Insight: Brazil's Tombini - An inflation hawk, believe it or not

Fri Aug 23, 2013 1:17am EDT
 
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By Walter Brandimarte

RIO DE JANEIRO (Reuters) - Given his checkered record so far, investors could be forgiven for thinking that Brazil's quiet, bespectacled central bank chief Alexandre Tombini is a pushover on inflation.

Since Tombini took the job in early 2011, annual inflation has often hovered above 6 percent, dangerously close to the top of the bank's target range. An unexpected spurt in prices this year scared consumers, smothered the economy and contributed to a wave of massive protests against President Dilma Rousseff's government.

The price instability, particularly sensitive in a country still haunted by 2,500 percent hyperinflation in the 1990s, led to whispers among investors that Tombini was too weak to get the problem under control - or worse - that he allowed Rousseff to pressure him into a 14-month campaign of rate cuts that many say has backfired and undermined the bank's credibility.

But those who know Tombini well - a small group, given his private nature - told Reuters they see the story differently. They say the central bank chief is likely to be more hawkish than most people think, and that he will do whatever he believes necessary in the coming months to recover the confidence of consumers and investors.

They say the recent setbacks resulted not from weakness, but from a kind of betrayal by other parts of the government including the finance ministry, which had tacitly agreed to control spending so that Tombini could keep interest rates low.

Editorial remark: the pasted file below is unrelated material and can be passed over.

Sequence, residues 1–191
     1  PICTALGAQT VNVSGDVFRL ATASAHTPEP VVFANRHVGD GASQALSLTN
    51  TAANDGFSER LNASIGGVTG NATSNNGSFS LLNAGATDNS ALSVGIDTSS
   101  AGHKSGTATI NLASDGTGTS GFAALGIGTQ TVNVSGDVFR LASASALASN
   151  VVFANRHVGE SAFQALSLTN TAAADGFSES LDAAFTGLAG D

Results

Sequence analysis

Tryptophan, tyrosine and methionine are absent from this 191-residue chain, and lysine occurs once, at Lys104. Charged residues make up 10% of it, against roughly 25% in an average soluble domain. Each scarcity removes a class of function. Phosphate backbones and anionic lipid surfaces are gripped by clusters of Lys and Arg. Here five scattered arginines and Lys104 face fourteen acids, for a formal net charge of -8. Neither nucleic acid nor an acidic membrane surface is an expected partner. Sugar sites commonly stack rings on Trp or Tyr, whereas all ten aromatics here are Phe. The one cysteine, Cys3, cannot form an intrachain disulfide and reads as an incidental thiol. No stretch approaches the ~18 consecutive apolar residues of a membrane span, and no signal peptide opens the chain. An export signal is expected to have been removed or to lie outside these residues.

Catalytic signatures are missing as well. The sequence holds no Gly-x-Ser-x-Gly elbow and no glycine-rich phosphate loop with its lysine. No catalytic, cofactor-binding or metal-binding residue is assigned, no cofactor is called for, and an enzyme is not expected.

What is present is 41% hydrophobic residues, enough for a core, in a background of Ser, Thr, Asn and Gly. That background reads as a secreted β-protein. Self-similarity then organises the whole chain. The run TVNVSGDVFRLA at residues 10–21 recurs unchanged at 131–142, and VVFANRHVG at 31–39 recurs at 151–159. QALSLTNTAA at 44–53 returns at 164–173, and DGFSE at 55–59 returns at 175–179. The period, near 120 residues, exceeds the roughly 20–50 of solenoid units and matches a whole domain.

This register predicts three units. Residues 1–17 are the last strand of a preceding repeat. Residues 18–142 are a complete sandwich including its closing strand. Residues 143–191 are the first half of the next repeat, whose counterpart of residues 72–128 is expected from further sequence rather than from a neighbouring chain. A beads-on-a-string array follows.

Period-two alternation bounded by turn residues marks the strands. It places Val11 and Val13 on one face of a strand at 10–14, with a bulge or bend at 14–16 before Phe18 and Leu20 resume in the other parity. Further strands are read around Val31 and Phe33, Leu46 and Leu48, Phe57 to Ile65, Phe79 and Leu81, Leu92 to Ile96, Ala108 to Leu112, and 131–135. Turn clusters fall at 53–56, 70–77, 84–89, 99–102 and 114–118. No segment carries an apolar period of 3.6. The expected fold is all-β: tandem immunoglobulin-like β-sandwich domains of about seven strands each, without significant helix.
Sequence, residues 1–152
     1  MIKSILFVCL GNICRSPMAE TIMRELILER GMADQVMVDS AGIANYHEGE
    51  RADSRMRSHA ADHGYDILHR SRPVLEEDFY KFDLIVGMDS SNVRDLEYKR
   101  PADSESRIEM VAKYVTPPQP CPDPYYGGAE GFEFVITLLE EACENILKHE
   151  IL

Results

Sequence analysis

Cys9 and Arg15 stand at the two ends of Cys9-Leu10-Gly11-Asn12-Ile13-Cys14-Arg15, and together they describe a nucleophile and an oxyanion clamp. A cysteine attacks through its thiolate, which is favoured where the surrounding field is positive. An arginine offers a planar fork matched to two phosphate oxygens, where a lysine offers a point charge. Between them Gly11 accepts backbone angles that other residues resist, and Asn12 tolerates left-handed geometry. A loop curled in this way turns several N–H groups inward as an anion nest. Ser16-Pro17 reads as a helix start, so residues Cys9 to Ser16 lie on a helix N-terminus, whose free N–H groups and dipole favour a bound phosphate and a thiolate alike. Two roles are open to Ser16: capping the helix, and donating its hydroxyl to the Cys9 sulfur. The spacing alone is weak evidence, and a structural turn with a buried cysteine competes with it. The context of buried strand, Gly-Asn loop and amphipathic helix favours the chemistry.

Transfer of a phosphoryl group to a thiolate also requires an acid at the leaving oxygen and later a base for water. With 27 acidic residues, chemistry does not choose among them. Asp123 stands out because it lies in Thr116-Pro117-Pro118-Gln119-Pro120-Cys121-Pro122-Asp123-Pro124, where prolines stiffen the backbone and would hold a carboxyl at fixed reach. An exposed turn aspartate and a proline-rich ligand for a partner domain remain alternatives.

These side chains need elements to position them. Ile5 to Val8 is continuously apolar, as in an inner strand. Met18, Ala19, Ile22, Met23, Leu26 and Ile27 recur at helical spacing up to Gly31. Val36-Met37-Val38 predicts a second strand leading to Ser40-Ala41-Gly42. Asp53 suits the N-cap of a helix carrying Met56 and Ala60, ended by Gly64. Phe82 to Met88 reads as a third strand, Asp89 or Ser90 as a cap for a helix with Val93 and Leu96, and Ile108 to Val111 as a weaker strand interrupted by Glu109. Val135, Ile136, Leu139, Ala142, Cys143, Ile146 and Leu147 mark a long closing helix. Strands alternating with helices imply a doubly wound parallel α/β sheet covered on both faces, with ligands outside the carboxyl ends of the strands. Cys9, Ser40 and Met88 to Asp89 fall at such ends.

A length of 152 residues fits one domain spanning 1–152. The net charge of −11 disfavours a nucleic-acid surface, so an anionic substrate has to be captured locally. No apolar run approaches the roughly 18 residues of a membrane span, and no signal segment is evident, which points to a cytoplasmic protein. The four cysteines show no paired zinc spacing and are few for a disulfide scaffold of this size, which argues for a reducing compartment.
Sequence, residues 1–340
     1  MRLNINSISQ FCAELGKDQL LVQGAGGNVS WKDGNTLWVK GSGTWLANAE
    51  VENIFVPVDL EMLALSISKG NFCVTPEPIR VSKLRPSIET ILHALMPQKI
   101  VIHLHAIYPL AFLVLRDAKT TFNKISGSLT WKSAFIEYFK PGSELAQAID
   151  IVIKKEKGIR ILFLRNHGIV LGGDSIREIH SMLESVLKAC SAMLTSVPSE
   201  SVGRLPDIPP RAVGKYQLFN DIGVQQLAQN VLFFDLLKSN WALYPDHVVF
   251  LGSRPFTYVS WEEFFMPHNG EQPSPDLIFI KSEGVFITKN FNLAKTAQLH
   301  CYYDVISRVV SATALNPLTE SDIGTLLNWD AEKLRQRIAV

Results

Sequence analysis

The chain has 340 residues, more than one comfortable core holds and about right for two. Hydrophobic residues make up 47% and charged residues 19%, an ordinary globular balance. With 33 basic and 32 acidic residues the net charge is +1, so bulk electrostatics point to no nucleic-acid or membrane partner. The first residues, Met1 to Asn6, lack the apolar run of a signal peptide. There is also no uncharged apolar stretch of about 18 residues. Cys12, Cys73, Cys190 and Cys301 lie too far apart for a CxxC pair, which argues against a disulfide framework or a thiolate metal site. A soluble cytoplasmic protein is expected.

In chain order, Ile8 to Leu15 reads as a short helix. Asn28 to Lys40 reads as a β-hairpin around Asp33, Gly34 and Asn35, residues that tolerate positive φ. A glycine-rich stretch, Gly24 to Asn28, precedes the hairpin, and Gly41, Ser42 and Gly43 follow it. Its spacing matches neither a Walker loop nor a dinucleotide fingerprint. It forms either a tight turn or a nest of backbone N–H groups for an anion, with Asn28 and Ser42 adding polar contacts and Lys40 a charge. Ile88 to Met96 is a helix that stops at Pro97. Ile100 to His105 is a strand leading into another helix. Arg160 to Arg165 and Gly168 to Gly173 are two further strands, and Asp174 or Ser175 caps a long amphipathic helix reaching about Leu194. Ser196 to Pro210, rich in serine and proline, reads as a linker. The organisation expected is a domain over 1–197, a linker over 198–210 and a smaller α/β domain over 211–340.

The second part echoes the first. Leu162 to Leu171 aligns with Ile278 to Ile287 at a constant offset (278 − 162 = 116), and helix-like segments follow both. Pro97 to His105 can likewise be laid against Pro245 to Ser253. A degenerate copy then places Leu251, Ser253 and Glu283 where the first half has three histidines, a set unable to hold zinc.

Once Tombini realized the pact had been broken - too late, some critics say - the 49-year-old career government technocrat pivoted to the orthodox training he learned two decades ago at the University of Illinois. Tombini started raising interest rates at a rapid pace in April, even as the Brazilian economy remained stuck in a two-year-long rut.

"I believe Tombini realized this: 'I have no help from the fiscal sector, so I'll fulfill my mission (myself)'," said Antonio Delfim Netto, a former finance minister in the 1960s and 70s who retains significant influence with Rousseff and senior members of her economic team.

"I have no doubt he will raise interest rates as much as he sees fit to bring inflation expectations back to 4.5 percent," the midpoint of the bank's price target range, Netto said.   Continued...

 
Brazil's Central Bank President Alexandre Tombini attends a public hearing on the Economic Affairs Committee of the Brazilian Federal Senate in Brasilia December 11, 2012. REUTERS/Ueslei Marcelino